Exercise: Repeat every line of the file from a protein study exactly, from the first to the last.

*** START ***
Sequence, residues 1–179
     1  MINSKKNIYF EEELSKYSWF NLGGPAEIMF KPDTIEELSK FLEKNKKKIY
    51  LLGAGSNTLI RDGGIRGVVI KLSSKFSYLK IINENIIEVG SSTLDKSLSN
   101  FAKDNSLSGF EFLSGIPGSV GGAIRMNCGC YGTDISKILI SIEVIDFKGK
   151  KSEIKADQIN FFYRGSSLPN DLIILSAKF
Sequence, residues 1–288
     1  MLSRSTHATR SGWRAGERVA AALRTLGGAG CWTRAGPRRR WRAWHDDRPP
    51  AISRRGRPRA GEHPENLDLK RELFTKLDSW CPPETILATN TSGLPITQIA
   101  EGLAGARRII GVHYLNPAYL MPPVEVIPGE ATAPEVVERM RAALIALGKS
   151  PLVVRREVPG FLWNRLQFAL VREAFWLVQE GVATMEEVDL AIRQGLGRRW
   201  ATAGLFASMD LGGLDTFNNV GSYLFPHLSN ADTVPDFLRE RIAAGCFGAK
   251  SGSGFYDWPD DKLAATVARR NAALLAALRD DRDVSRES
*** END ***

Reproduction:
Sequence, residues 1–179
     1  MINSKKNIYF EEELSKYSWF NLGGPAEIMF KPDTIEELSK FLEKNKKKIY
    51  LLGAGSNTLI RDGGIRGVVI KLSSKFSYLK IINENIIEVG SSTLDKSLSN
   101  FAKDNSLSGF EFLSGIPGSV GGAIRMNCGC YGTDISKILI SIEVIDFKGK
   151  KSEIKADQIN FFYRGSSLPN DLIILSAKF
Sequence, residues 1–288
     1  MLSRSTHATR SGWRAGERVA AALRTLGGAG CWTRAGPRRR WRAWHDDRPP
    51  AISRRGRPRA GEHPENLDLK RELFTKLDSW CPPETILATN TSGLPITQIA
   101  EGLAGARRII GVHYLNPAYL MPPVEVIPGE ATAPEVVERM RAALIALGKS
   151  PLVVRREVPG FLWNRLQFAL VREAFWLVQE GVATMEEVDL AIRQGLGRRW
   201  ATAGLFASMD LGGLDTFNNV GSYLFPHLSN ADTVPDFLRE RIAAGCFGAK
   251  SGSGFYDWPD DKLAATVARR NAALLAALRD DRDVSRES